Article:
Europeana: A Brief History of the Twentieth Century
By Ryan Brooks
Chicago Reader, June 17, 2005.
First published in the Czech Republic in 2001, Patrik Ourednik’s is now available to English readers thanks to Dalkey Archive Press. An absurdist history with no chronological narrative, the book strings together the big ideas and facts of the century impressionistically, mixing up periods and sprinkling real events with painful little anecdotes that may or not be fictional: “And one young Jewish woman survived the war thanks to playing an aria from on the violin on the railroad platform at Struthof concentration camp.” The historian/narrator’s disembodied voice rambles dispassionately between the theoretical (“And among philosophers the opinion increasingly spread that the twentieth century has marked the end of the era of humanism and a new era had commenced, which they called post-humanist”) and the childlike (“And airships and airplanes flew through the sky and the horses were terribly frightened”). The patchwork highlights the similarities among promises made by different movements in art, religion, science, and politics. The young people who went to live on communes in the 1960s, for instance, are described in the same terms as those who went to live on the Monte Verita commune in 1906 and later joined the Nazis “because the Nazis preached natural harmony and the coalescence of the individual with the Earth”. As in a history textbook, phrases are pulled out of the main text and put in the margins to highlight “key points”. These notes are will-fully obtuse and show the inevitably reductive, repetitive ways we make sense of history. They invoke certain recurring themes of the century (“SOLDIERS LAY IN WAIT,” “FASCISM UNIVERSAL”), but also the century’s obsession with determining what invisible parasite — whether scientific or metaphysical, the “millennium bug” or the contagion in the blood of “inferior races” — people were blaming for their problems at any given moment. Time and again we see that the cures are worse than the disease: the truth of one particularly horrible tale is that soap made from humans gassed and boiled in the name of “hygiene” doesn’t make you cleaner. Yet we also see how society refuses to grow up, clinging to its differences and stereotypes. Ourednik tells the story of a concentration-camp survivor and the ex-lover of a Nazi, both with shaved scalps: “They danced together with their heads against each other and other people found it improper and almost in bad taste.”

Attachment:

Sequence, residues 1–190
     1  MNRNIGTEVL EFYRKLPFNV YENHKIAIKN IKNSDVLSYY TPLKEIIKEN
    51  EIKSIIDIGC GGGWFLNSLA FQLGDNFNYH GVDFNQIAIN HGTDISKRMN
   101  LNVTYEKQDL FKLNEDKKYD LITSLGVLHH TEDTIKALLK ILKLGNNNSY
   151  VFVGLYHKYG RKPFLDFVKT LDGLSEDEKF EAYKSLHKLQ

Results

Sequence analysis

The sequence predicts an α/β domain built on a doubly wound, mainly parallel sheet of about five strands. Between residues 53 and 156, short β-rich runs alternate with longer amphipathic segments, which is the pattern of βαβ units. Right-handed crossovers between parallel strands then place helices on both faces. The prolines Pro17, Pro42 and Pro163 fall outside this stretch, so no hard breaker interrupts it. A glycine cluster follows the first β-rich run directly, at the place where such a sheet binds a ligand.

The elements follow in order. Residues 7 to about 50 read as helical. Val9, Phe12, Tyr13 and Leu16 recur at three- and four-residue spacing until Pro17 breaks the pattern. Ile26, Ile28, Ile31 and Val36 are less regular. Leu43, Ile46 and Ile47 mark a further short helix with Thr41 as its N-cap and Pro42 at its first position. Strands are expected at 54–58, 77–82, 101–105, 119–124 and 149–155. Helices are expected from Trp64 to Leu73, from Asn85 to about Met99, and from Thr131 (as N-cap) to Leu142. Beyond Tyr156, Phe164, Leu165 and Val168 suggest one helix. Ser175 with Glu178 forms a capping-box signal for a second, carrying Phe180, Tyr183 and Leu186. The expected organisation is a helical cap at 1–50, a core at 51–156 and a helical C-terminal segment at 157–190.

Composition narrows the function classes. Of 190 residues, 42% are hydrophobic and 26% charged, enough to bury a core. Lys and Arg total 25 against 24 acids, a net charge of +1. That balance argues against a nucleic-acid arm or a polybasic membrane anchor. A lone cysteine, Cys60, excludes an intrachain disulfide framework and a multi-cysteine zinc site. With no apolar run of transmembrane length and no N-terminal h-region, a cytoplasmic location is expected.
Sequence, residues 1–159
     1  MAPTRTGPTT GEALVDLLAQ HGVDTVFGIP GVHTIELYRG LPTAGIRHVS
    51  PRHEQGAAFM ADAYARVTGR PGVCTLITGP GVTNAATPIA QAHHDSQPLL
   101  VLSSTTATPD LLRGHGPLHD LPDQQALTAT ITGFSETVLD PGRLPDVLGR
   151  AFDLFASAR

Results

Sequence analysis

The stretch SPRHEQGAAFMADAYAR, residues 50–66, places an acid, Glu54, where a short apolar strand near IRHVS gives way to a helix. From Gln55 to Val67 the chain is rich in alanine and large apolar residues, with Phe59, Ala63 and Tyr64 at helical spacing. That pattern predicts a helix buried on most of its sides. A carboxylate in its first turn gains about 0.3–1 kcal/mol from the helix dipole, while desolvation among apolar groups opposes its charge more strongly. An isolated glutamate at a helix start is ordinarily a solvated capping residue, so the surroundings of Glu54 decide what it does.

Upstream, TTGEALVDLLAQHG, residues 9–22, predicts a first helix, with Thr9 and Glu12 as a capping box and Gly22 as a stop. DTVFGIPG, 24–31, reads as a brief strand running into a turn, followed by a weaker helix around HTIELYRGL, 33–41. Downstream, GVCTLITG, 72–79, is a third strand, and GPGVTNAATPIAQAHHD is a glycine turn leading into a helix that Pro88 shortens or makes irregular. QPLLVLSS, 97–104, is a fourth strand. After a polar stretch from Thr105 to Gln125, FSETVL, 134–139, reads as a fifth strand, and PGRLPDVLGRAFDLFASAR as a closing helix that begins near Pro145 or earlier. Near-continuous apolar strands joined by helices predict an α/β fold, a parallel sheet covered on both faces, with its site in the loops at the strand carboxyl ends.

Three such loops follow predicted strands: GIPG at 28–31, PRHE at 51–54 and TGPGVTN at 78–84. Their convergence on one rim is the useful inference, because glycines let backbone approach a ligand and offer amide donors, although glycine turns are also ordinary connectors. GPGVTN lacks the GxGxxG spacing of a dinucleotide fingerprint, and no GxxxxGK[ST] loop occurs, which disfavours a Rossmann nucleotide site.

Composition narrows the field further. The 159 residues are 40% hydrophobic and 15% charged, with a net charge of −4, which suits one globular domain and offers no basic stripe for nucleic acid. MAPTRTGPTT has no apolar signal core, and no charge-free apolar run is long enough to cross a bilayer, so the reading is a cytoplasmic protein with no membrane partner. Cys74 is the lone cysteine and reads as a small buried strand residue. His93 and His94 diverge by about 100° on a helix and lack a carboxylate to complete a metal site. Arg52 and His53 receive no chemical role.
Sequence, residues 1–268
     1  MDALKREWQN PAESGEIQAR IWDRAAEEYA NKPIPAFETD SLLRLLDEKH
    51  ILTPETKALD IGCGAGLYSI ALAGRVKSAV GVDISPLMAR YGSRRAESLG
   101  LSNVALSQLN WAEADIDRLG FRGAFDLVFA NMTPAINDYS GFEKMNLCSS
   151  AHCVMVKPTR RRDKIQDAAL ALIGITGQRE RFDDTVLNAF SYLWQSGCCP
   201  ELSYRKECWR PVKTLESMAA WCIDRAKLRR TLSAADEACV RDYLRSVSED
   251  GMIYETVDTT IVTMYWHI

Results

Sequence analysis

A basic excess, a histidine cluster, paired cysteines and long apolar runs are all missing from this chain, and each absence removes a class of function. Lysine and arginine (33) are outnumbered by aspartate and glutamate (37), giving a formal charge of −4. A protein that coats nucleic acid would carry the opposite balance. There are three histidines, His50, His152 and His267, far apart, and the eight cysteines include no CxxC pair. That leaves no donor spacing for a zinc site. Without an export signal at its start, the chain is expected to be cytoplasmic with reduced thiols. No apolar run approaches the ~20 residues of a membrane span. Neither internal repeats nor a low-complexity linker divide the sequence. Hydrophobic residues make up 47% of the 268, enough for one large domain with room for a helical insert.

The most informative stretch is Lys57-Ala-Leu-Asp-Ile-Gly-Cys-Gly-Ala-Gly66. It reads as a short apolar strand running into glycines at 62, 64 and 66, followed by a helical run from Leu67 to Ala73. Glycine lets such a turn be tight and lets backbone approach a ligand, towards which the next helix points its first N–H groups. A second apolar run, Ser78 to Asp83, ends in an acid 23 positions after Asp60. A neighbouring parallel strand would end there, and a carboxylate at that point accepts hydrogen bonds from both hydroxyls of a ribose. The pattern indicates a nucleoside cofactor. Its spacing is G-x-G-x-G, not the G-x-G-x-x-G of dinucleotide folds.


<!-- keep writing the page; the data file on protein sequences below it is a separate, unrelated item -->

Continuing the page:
In a recent interview in the online journal Context, Ourednik explained that his goal was “to find a form that would enable the narrator – like History itself – to be terribly banal, while pretending to be original.” The book’s terrible banality – like the inappropriate appropriateness of a concentration camp Barbie or an assassination manual written in Esperanto, two souvenirs from his century of violence – will make you laugh hollowly at the idea of progress.